“This is not sour grapes as I’m taking nothing away from Portugal, Croatia and Kazakhstan who came first, second and third. They fished their hearts out and were all in the same boat as England. But this was much more a match about hoping, than fishing your way to victory. I suspect that no matter what the circumstances, Portugal would have always finished on the podium, but certainly the other two places would have been contested more seriously by the likes of the mighty South Africa who, due to the horrendous venue selection, came LAST! Of course if the match were contested on numbers of fish caught we would have been majorly in the running for medals.
“Not only did FIPSed choose an unsuitable venue in accepting Portugal’s offer in hosting the event, they then failed to research the venue diligently enough to at least logically reduce the minimum limit to 1kg or 1.2kg to at least ensure the match was fair and could be contested by the most efficient and effective carp catchers, rather than those that basically used methods to hang out for the odd larger carp. It goes against everything that a ‘skill’ competition stands for. No matter how much technical ability you had, no matter how hard you worked, you needed lashings of luck.
“So many nations travelled thousands of miles, the cost of competing in this competition as an amateur event is huge! If you think we had spent a lot, South Africa, four-time World Champions, and the kings at this type of fishing don’t have a sponsor, yet had spent £80,000 of their own money to attend this event! Somebody must take responsibility for this monumental venue mistake. Romania 2012 was a fabulous spectacle as an event, but with the bait saga, so everyone was hoping that Portugal would be back to business. However, not only did the event lack any sparkle to show that angling is putting itself on a more professional platform; it also stunk of a severe lack of preparation. Even the national anthems at the opening ceremony weren’t all sorted.
“If FIPSed want to lose the trust of sponsors, supporting nations competing in this competition, and nations funding themselves out of their own pockets, they only need to keep walking down this path. Hearing the comments of captains and managers of different nations, FIPSed risk reducing the success of this event due to the last two years. Why enter events when you have no guarantee that the venue has been researched properly and you can be confident of a level playing field?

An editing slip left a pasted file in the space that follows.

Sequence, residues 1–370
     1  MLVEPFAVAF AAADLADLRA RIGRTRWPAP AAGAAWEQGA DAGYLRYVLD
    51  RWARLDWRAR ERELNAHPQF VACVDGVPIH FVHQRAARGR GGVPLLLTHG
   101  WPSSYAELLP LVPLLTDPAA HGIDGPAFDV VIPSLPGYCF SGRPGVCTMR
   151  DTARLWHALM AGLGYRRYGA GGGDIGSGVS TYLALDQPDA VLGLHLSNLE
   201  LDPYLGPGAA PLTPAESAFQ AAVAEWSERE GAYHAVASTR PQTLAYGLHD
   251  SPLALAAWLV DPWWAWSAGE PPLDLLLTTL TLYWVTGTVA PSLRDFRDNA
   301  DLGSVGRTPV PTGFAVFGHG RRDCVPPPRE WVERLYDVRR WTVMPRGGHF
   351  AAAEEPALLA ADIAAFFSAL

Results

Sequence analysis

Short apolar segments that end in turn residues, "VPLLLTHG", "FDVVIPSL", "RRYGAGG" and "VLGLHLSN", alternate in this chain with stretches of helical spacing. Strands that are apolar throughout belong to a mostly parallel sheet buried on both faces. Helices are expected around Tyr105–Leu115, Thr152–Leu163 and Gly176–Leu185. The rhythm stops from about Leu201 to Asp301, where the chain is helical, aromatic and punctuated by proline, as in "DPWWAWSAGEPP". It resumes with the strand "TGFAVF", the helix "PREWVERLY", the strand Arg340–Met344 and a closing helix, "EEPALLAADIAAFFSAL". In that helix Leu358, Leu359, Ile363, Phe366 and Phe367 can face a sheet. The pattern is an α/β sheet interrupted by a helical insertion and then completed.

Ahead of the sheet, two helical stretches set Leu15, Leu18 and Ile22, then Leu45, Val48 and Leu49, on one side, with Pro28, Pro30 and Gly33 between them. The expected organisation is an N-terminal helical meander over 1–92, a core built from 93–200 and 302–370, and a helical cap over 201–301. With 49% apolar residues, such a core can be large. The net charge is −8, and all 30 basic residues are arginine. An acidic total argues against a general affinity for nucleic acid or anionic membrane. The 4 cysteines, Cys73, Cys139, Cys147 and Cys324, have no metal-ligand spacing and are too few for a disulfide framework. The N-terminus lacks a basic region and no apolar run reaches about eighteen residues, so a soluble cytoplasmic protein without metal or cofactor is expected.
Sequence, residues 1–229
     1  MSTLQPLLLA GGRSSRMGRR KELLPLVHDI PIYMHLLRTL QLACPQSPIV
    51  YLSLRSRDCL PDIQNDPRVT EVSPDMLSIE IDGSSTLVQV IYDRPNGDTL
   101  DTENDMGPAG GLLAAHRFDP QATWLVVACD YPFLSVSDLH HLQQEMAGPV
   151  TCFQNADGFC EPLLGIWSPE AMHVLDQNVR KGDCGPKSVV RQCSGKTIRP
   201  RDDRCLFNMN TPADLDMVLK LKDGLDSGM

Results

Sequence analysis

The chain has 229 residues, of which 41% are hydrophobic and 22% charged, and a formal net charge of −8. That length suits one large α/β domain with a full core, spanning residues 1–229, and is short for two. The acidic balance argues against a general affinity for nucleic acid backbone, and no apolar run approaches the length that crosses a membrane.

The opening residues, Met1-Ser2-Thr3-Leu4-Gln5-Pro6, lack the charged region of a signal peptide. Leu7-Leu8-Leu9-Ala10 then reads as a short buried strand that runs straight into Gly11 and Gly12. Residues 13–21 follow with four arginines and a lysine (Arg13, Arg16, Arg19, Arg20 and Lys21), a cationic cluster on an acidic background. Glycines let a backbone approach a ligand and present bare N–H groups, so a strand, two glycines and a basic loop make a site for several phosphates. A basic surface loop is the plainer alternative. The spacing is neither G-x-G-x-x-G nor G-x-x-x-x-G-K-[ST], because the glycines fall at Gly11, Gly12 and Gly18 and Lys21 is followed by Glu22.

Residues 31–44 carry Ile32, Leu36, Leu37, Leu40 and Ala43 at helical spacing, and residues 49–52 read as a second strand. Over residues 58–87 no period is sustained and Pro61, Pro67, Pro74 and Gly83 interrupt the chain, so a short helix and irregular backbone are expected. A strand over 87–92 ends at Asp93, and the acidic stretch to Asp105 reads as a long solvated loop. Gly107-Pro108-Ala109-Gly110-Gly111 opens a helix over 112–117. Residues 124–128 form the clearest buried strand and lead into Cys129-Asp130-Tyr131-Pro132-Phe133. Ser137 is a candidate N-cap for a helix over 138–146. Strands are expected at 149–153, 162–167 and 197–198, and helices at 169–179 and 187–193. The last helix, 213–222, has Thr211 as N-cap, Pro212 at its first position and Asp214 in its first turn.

“After two years of sponsoring the England Team, we have been unfortunate that it has coincided with two extremely frustrating years. Portugal 2013 has not only reduced the kudos of this event, it has also severely reduced the desire of nations to enter this event in the future.
“Maybe now FIPSed will consider their venue choice more seriously and only consider nations when they are guaranteed adequate stock size, stock amount and suitable venue preparation.
“It’s a shame that this report had to take this tone, but being an angler, and witnessing what I saw, I realised that something has to be done now to ensure this event doesn’t become the laughing stock of the carp community, when it should be the event that youngsters dream of competing in. Not only was this lake totally unsuitable for a size of this magnitude, I felt the overall event was run like not much more than a ‘spit and sawdust’ club match! This event had been run on a shoestring budget and had the appearance of not much more than a club match on a larger scale! After the razmatazz of Romania last year, when the country spent a huge amount to make the event look amazing, this year was like taking a plunge back into the 1960s.
“FIPSed must now be more hands-on with the venue, and proposals of how the event will be run, promoted and delivered. This needs to be remedied from today, to ensure we never see another World Carp Fishing Championships like Portugal 2013. Otherwise you will see nations dropping out.”
To read Ali’s complete blog, click here!